NSF Recommends New Hours-of-Service Rules for Commercial Drivers

Feb. 29, 2000
Because of the number of fatigue-related truck and bus crashes on the nation's highways, NSF is calling for new hours-of-service rules for commercial drivers.

Concerned about the number of fatigue-related truck and bus crashes on the nation's highway, the National Sleep Foundation (NSF) is calling for new hours-of-service rules for commercial drivers.

Citing studies on fatigue, driving performance and fall-asleep crashes, NSF is urging the Department of Transportation (DOT) to adopt a comprehensive system placing responsible limits on driving within a 24-hour period and mandating on-board monitoring and enforcement by compliance officers.

NSF also suggest highway improvements and sleep disorder screening as well as comprehensive education programs to reduce fall-asleep crashes among commercial drivers.

NSF emphasized off-duty time as one of the most important factors in regulating hours-of-service, and calls for a "12/12" rule.

Specifically, new rules should limit drivers to 12 hours on duty followed by 12 hours off duty, with one period of 9 continuous hours to be used for sleep, according to NSF.

Under current rules, a driver can drive and perform other non-driving duties for up to 15 hours after having had a minimum of 8 hours off duty.

That is not enough time to get proper sleep and eat meals, travel to and from work, and handle family and social obligations, NSF contends.

In addition, those 8 hours can be split into two separate periods if the driver has a sleeper berth.

However, research shows that crash risks increase as the number of hours on duty increase, and that people who sleep in short periods or in environments with excessive noise and light do not obtain adequate sleep.

Sleep research shows that most people need at least 8 hours of sleep to maintain proper alertness.

Yet a government study found that commercial drivers abiding by current hours-of-service rules generally get about 3 hours less sleep per day than what humans need to function optimally, cited NSF.

"Today's hours-of-service rules for commercial drivers have been in place since 1938, when highway conditions were significantly different and when very little was know about our sleep needs and the effects on fatigue and alertness," said Anne McCartt, Ph.D., chairman of NSF's Transportation Committee.

"Given what we know our biological clocks run on a 24-hour cycle, with distinct periods where sleepiness naturally occurs, new regulations must be based on a 24-hour clock, rather than the current system used now."

NSF cautioned that hours-of-service rules alone cannot regulate driver fatigue and alertness.

"Ultimately, responsibility for managing fatigue must be shared by drivers, carriers, shippers, receivers, and the government," said McCartt. "That means establishing scientifically-based rules to set maximum limits on driving time and consistently enforcing them."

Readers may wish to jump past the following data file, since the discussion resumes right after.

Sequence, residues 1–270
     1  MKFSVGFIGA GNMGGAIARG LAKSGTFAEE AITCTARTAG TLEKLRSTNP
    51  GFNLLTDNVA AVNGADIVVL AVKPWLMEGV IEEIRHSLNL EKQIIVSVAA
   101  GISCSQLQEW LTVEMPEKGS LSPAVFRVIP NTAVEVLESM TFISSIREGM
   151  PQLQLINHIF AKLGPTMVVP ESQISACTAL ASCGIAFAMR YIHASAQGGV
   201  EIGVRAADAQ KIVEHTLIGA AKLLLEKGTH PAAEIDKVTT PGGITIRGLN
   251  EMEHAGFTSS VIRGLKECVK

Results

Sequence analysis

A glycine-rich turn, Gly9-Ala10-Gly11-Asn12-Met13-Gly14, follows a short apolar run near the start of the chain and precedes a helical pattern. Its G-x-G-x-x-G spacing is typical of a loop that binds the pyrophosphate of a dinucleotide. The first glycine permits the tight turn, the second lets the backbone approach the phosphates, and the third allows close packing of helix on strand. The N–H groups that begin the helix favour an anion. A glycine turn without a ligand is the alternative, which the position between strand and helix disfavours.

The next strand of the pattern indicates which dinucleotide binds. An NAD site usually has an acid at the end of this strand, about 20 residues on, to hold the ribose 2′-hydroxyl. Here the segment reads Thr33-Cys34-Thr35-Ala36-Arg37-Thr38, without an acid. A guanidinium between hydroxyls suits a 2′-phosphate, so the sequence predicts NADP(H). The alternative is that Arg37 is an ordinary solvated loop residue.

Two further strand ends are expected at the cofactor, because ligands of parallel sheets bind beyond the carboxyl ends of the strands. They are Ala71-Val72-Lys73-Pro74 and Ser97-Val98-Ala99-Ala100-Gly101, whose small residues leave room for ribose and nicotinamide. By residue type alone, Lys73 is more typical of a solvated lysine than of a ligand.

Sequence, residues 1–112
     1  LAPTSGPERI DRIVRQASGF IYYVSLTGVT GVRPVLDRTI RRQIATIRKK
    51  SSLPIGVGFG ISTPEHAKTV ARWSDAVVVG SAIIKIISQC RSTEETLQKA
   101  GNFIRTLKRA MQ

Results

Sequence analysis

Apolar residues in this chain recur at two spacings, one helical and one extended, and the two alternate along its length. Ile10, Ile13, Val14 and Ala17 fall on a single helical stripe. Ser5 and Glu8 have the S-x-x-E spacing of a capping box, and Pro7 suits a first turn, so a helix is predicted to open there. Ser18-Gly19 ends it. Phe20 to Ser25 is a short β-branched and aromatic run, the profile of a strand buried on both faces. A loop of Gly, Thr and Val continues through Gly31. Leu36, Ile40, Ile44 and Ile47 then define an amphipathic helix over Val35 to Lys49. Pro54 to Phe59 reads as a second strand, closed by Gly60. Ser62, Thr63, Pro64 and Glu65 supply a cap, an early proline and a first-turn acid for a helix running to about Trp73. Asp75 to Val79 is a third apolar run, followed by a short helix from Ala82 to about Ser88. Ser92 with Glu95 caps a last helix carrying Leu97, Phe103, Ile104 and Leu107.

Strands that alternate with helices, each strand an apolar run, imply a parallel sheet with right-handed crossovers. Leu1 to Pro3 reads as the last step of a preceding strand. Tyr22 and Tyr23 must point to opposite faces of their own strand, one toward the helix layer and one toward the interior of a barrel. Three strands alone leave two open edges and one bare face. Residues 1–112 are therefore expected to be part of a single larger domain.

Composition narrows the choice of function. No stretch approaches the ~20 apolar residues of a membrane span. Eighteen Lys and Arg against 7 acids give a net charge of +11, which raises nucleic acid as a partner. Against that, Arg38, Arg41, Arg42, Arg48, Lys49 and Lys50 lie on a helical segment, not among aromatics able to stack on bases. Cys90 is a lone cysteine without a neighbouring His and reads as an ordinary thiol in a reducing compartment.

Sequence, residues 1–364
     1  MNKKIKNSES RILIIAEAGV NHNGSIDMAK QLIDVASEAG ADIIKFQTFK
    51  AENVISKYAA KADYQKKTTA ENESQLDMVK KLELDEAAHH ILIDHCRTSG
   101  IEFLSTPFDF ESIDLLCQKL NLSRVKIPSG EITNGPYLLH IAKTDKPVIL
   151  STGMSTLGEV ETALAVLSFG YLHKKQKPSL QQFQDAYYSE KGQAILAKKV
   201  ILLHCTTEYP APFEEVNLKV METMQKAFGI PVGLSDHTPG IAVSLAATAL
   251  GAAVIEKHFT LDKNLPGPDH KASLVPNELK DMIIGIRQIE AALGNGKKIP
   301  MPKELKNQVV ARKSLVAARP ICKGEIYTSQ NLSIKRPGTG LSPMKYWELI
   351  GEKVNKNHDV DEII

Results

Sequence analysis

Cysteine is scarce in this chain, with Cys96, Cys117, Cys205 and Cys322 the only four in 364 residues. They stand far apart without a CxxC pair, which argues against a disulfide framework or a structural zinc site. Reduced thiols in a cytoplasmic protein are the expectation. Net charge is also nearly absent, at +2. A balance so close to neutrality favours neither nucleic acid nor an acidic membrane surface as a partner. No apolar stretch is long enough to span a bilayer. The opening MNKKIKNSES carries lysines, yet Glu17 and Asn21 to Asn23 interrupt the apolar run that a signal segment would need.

DOT has come under increasing fire from Congress and safety advocates for the delay in proposing new rules and for not enforcing current rules.

As a result of the delay, President Clinton signed legislation last year creating the Federal Motor Carrier Safety Administration, tasked with reducing motor carrier crashes.

About the Author

EHS Today Staff

EHS Today's editorial staff includes:

Dave Blanchard, Editor-in-Chief: During his career Dave has led the editorial management of many of Endeavor Business Media's best-known brands, including IndustryWeekEHS Today, Material Handling & LogisticsLogistics Today, Supply Chain Technology News, and Business Finance. In addition, he serves as senior content director of the annual Safety Leadership Conference. With over 30 years of B2B media experience, Dave literally wrote the book on supply chain management, Supply Chain Management Best Practices (John Wiley & Sons, 2021), which has been translated into several languages and is currently in its third edition. He is a frequent speaker and moderator at major trade shows and conferences, and has won numerous awards for writing and editing. He is a voting member of the jury of the Logistics Hall of Fame, and is a graduate of Northern Illinois University.

Adrienne Selko, Senior Editor: In addition to her roles with EHS Today and the Safety Leadership Conference, Adrienne is also a senior editor at IndustryWeek and has written about many topics, with her current focus on workforce development strategies. She is also a senior editor at Material Handling & Logistics. Previously she was in corporate communications at a medical manufacturing company as well as a large regional bank. She is the author of Do I Have to Wear Garlic Around My Neck?, which made the Cleveland Plain Dealer's best sellers list.

Nicole Stempak, Managing Editor:  Nicole Stempak is managing editor of EHS Today and conference content manager of the Safety Leadership Conference.

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